Tuaregs always controlled the trade routes in the Sahara and Sahel, and now are said to control the traffic of illegal arms and narcotics through the region. Their land, especially Fezzan, has a major geopolitical importance for this case. It is the zone where Islamic radicals sought refuge and support.
Geopolitical players in Libya
Today, the two rivaling Libyan governments are supported by different forces. The government in Tripoli is backed by Qatar and Turkey. It consists mainly of representatives of the Libyan Muslim Brotherhood party and their allies. The government in Tobruk is supported by Egypt, the United Arabian Emirates, traditionally opposed to the Muslim Brotherhood, the US (general Khaftar is a US citizen and has strong ties with CIA), Great Britain, and France.
While Egypt and the UAE intend to wipe out the Muslim Brotherhood, the US and another Western countries have more space to maneuver, and they want to exploit Libya's natural resources, primarily oil and natural gas, and are not concerned about who will allow them to do it.
France, the main proponent of Gaddafi's toppling, is also now is concerned with the Tuareg surge that threatens French interests in Western Africa, especially in the Sahel zone. French Minister of Defense Jean-Yves Le Drian has repeatedly alluded to the possibility of an international intervention in the Fezzan.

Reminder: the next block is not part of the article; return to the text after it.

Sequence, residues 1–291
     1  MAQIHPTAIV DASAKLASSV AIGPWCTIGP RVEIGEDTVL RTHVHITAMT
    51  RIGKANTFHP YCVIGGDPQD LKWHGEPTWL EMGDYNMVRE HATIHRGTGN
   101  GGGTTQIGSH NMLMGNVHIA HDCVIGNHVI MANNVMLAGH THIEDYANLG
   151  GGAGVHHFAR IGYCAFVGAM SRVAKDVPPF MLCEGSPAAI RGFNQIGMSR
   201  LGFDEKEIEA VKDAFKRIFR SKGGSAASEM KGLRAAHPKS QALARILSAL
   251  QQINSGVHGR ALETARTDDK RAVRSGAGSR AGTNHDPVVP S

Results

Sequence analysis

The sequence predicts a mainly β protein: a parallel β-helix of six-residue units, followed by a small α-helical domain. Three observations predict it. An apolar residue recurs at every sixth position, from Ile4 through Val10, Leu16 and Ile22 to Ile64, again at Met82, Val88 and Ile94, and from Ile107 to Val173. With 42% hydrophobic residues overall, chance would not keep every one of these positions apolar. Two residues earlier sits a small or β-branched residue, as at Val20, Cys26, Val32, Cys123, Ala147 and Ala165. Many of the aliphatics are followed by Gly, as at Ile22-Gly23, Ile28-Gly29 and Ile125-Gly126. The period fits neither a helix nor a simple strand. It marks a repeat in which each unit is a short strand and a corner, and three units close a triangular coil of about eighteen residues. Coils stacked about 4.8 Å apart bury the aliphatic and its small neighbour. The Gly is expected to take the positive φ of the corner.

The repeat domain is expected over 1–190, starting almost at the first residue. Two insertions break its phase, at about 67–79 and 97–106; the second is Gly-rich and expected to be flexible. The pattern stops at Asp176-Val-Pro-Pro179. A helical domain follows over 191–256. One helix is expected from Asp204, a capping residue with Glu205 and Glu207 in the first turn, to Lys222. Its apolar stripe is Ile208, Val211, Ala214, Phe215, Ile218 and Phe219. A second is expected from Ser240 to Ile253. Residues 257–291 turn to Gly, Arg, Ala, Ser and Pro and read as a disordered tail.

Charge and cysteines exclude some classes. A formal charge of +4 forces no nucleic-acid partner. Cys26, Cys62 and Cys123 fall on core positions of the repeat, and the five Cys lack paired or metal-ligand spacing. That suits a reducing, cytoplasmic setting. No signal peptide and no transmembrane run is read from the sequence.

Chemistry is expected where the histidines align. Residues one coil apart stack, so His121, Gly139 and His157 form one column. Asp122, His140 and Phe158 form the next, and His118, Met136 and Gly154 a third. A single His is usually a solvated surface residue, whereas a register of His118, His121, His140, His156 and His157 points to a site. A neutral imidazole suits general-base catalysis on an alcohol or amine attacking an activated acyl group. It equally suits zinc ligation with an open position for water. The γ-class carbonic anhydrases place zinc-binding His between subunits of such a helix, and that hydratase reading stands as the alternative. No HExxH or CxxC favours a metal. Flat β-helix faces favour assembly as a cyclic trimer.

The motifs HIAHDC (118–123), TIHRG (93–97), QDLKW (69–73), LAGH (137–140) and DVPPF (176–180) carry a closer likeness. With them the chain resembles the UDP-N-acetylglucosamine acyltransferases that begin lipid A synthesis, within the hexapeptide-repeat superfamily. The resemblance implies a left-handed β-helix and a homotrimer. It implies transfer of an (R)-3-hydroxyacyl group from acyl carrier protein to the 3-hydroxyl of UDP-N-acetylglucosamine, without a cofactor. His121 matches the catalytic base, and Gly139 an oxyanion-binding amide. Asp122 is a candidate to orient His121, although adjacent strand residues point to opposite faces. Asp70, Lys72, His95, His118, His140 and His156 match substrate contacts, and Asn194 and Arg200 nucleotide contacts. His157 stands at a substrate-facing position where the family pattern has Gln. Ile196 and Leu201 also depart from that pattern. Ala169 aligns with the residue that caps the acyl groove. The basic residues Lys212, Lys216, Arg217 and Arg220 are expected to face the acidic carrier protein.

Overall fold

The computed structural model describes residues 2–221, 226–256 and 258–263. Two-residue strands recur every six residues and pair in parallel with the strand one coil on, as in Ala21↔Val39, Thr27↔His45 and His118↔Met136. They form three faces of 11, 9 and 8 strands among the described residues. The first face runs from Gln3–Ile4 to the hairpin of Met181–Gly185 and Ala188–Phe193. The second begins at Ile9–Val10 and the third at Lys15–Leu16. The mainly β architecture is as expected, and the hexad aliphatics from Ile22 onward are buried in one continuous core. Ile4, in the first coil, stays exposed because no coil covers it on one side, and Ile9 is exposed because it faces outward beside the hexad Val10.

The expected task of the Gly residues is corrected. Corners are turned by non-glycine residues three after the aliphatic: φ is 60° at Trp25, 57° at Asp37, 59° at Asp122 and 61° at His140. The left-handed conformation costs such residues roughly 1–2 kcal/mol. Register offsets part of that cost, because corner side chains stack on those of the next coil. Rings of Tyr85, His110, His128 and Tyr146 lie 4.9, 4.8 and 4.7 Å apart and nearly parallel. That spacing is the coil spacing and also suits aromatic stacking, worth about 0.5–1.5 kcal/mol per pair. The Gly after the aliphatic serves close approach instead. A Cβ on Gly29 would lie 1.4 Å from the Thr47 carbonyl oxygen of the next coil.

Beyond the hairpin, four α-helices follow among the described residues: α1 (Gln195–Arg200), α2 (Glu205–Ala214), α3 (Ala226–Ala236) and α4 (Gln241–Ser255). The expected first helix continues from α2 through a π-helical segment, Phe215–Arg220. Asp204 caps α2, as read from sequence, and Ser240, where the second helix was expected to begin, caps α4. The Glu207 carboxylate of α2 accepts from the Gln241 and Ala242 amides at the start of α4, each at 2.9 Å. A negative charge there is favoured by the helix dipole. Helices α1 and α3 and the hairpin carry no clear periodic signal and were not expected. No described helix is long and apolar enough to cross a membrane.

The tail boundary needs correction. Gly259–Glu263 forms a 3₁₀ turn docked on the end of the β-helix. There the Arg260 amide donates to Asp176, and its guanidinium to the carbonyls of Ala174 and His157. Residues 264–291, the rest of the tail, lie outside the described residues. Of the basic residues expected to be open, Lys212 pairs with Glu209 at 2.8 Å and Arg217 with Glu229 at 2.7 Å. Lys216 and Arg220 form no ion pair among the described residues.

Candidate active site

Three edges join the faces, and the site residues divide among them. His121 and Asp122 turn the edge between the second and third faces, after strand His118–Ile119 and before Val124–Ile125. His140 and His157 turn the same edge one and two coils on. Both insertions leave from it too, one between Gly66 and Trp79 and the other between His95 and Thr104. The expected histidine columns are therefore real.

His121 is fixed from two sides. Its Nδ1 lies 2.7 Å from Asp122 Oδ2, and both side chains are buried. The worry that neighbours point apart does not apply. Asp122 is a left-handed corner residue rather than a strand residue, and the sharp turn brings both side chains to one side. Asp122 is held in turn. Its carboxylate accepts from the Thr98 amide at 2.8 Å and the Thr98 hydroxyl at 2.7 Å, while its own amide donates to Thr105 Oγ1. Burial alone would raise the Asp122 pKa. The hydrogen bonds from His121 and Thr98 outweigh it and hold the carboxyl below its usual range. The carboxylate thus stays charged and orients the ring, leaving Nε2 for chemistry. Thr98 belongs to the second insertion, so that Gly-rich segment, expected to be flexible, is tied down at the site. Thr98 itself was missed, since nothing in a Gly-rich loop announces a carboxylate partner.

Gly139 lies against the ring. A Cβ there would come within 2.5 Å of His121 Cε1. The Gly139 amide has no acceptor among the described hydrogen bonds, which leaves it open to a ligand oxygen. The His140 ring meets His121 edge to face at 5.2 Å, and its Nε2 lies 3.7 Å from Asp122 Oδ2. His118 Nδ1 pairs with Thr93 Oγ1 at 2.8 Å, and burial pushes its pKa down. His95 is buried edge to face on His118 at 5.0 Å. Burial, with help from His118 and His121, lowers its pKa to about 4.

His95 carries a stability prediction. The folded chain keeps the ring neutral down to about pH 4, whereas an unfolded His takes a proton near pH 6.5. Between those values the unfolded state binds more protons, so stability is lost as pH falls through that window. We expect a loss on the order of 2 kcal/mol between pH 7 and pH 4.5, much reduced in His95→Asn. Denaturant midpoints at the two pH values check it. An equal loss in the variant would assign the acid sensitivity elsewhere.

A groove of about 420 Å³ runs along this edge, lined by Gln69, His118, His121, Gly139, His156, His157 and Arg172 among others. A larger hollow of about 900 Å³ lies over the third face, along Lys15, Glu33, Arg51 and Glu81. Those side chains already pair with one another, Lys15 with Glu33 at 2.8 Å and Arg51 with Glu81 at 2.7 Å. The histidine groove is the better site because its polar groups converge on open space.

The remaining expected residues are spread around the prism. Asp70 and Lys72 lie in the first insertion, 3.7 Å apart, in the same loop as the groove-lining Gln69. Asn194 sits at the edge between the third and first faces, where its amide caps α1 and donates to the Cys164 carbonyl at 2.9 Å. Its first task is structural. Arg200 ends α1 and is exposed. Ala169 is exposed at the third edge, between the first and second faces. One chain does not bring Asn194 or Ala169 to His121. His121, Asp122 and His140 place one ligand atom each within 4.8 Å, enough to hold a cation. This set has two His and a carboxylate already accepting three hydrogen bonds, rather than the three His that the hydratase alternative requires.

Another issue of concern for European countries, primarily for Italy, is the influx of illegal migrants from the rest of Africa that use Libya as the main traffic route to Europe. This is why Italy contributed a lot in the negotiation process, using all its influence.
Morocco, a traditional American and French ally in the region, tries to use its negotiating position to raise its international profile in Maghreb, and to show its importance in the region.
The agreement between the two governments is a necessary but insufficient measure. The competing interests of external actors make this agreement quite shaky. Many other influential groups, problematically, do not participate in the process. There are no sustained efforts to resolve Tuareg issue, which spills beyond Libya's borders, and is linked to more complex regional issues. The toppling of Gaddafi completely destroyed post-colonial Libya, and there is no force that can effectively unite the country.